The Fighter 2010 R CC

Amazon Instant Video

(395) IMDb 7.9/10
Available in HD
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Mark Wahlberg stars in Paramount Pictures' inspirational docudrama exploring the remarkable rise of Massachusetts-born lightweight title winner "Irish" Micky Ward. A determined pugilist whose career in the ring was shepherded by his loyal half-brother, Dicky (Christian Bale) - a hard-living boxer-turned-trainer whose own career in the ring was nearly sent down for the count due to drugs and crime.

Mark Wahlberg, Christian Bale
1 hour 56 minutes

Available to watch on supported devices.

The Fighter

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Product Details

Genres Sports, Drama
Director David O. Russell
Starring Mark Wahlberg, Christian Bale
Supporting actors Amy Adams, Melissa Leo, Mickey O'Keefe, Jack McGee, Melissa McMeekin, Bianca Hunter, Erica McDermott, Jill Quigg, Dendrie Taylor, Kate B. O'Brien, Jenna Lamia, Frank Renzulli, Paul Campbell, Caitlin Dwyer, Chanty Sok, Ted Arcidi, Ross Bickell, Sean Malone
Studio Paramount
MPAA rating R (Restricted)
Captions and subtitles English Details
Rental rights 48 hour viewing period. Details
Purchase rights Stream instantly and download to 2 locations Details
Format Amazon Instant Video (streaming online video and digital download)

Customer Reviews

All in all, the movie is good as a boxing movie and great as a drama with all-around good acting.
Being a true story (also like "Raging Bull") makes this movie much more enjoyable and tense, knowing that all of what is happening really went on.
Tony Heck
I also thought the acting was wonderful - melissa leo, amy adams, christian bale, and mark wahlberg were ALL excellent.

Most Helpful Customer Reviews

64 of 77 people found the following review helpful By K. Harris HALL OF FAMETOP 50 REVIEWER on December 21, 2010
Format: DVD
"The Fighter" is easily director David O. Russell's most conventional film to date. Russell has been out of the film world for a few years after the mixed reception he received with the release of 2004's "I Heart Huckabees," an underrated film that may have tried a bit too hard. But when Russell burst onto the scene with the subversive "Spanking the Monkey," the exquisitely madcap "Flirting with Disaster," and the audacious "Three Kings"--I knew that I would follow this guy wherever he led! Well, he's back. "The Fighter" comes straight from the underdog sports genre of filmmaking, and in its plotting stays true to the course you would expect. But thankfully, there's a bit more to this appealing tale that's as much about brotherhood as it is about prizefighting. Sold by an A-list cast (the acting awards and nominations have already started rolling in), "The Fighter" manages, for the most part, to transcend the usual cliches with its focus on family.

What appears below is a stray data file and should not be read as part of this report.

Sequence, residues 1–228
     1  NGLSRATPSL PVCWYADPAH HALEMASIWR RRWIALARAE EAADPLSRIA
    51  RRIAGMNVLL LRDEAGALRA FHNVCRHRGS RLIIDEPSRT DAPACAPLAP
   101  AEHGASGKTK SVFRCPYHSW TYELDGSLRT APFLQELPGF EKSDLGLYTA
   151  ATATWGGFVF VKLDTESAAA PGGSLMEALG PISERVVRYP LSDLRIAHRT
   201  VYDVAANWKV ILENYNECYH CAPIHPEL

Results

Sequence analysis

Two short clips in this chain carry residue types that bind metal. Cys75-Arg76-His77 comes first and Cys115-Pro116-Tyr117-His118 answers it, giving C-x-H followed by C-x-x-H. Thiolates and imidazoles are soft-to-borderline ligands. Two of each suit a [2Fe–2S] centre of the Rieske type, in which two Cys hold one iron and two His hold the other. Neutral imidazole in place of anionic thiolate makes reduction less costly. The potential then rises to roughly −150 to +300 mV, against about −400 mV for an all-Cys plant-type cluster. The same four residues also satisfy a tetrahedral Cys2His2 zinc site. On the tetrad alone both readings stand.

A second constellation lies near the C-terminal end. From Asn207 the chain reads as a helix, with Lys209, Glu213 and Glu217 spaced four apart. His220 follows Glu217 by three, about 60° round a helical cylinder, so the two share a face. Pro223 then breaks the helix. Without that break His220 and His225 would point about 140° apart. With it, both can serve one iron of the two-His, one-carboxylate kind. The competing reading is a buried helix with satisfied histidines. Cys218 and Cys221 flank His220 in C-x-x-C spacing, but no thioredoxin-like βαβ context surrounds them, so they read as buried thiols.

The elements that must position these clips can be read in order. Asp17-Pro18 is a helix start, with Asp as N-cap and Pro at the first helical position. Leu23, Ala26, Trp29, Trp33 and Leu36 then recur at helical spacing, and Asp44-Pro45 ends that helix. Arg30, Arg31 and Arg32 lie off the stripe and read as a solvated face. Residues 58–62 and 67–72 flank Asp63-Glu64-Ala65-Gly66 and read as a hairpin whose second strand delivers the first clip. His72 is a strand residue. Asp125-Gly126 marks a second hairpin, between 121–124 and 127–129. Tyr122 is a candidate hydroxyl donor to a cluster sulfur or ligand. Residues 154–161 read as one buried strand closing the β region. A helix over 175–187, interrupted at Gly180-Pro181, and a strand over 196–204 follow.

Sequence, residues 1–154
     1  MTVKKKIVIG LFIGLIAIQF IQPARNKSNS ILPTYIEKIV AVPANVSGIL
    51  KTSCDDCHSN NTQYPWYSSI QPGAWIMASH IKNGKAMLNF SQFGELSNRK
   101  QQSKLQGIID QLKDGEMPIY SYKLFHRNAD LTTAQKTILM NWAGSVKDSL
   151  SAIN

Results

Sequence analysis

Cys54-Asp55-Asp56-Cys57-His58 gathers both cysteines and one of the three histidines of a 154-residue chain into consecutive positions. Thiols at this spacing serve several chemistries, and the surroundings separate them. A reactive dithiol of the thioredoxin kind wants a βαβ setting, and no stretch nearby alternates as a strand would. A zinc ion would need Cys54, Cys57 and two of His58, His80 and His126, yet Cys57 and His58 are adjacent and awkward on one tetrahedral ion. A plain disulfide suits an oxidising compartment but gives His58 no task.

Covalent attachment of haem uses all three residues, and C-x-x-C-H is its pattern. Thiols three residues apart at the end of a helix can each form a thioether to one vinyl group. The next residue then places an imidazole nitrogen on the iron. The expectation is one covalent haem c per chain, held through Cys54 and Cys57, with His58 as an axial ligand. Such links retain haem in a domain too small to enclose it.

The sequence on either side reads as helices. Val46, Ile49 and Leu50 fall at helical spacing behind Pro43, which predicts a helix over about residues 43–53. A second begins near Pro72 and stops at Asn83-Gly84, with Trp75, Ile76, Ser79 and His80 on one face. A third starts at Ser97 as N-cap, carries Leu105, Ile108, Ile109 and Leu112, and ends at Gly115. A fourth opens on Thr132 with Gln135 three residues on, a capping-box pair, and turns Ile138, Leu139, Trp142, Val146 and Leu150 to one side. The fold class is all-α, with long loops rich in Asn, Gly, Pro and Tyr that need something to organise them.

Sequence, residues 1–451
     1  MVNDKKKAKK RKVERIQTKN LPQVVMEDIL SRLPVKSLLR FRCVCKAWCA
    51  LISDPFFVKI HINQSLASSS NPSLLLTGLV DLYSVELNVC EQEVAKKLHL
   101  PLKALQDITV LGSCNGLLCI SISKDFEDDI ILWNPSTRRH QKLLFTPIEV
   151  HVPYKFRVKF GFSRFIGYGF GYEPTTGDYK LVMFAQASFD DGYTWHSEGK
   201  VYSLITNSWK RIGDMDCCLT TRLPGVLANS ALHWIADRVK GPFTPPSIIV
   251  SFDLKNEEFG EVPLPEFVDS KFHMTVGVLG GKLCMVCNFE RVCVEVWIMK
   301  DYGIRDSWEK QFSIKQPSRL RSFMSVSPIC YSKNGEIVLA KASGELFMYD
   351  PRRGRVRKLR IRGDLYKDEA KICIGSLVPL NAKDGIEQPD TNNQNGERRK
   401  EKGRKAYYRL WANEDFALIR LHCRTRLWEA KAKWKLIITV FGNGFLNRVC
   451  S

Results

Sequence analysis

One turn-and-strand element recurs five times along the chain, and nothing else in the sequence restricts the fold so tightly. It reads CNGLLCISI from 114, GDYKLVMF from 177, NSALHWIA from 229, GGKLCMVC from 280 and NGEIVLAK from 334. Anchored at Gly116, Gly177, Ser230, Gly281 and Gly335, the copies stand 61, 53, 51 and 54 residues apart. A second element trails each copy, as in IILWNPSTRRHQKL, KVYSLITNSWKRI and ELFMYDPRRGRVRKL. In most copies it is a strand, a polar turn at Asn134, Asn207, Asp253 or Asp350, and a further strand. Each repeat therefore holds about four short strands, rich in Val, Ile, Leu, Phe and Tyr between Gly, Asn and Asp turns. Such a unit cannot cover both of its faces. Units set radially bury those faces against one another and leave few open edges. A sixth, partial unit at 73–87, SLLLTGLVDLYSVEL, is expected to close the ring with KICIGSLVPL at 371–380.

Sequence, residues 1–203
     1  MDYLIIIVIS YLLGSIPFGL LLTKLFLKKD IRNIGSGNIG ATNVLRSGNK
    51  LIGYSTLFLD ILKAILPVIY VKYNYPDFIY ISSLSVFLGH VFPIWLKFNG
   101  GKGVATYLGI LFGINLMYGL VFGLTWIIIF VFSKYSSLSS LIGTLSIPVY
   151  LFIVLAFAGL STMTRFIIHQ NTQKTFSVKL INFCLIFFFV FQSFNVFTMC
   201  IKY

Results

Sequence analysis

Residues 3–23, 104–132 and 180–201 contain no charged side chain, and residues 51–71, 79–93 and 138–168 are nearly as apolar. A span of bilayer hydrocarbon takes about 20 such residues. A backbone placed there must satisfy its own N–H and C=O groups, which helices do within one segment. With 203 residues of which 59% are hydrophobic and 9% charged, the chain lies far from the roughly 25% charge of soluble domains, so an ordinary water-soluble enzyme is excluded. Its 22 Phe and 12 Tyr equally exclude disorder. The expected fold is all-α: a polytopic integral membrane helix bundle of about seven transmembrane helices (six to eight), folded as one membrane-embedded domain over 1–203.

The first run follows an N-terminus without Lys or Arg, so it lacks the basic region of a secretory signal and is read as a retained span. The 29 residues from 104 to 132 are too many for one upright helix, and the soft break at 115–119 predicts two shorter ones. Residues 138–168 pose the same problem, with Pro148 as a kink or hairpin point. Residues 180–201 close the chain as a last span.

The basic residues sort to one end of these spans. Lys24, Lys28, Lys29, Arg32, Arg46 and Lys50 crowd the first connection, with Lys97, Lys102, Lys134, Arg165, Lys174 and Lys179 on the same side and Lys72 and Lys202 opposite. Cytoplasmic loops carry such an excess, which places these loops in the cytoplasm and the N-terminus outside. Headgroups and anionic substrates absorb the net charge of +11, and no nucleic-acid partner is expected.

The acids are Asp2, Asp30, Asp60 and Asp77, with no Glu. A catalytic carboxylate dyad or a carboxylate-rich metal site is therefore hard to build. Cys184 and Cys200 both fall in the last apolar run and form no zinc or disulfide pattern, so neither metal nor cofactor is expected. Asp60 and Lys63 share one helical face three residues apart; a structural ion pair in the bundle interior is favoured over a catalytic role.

Telling the true life tale of Micky Ward's unorthodox, and extremely bumpy, road to capturing the world light welterweight title--"The Fighter" appeals to the same everyman underdog sensibilities that countless films have already tapped. Mark Wahlberg, in a refreshingly understated way, lends a calmness to the center of the picture. The rest of the cast, for good and bad, go for broke in large showy performances. Christian Bale, gaunt and tweaking, plays Ward's brother. A former boxer and Micky's trainer, Bale is hapless and helpless as a habitual crack addict and a lowlife criminal. The drama between Bale and Wahlberg is easily the strongest element in "The Fighter" with Bale being both invaluable AND utterly destructive to Wahlberg's career prospects.
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50 of 60 people found the following review helpful By C. Sawin VINE VOICE on December 16, 2010
Format: DVD
The Fighter has been a must-see film of mine ever since at least the end of October. Not only did the cast look to function as one strong, cohesive unit, Christian Bale looked to transform himself yet again and had gotten completely absorbed in his role as Dicky Eklund. From just viewing the trailer, Bale seemed to give a performance that reminded his fans just how talented he can actually be. The Fighter also seemed to have a lot of emotion and heart; two key ingredients that go on to making movies like this legendary. The real test would be if The Fighter could hold up to other great boxing films like Rocky or Raging Bull and in this critic's humble opinion, it does just that.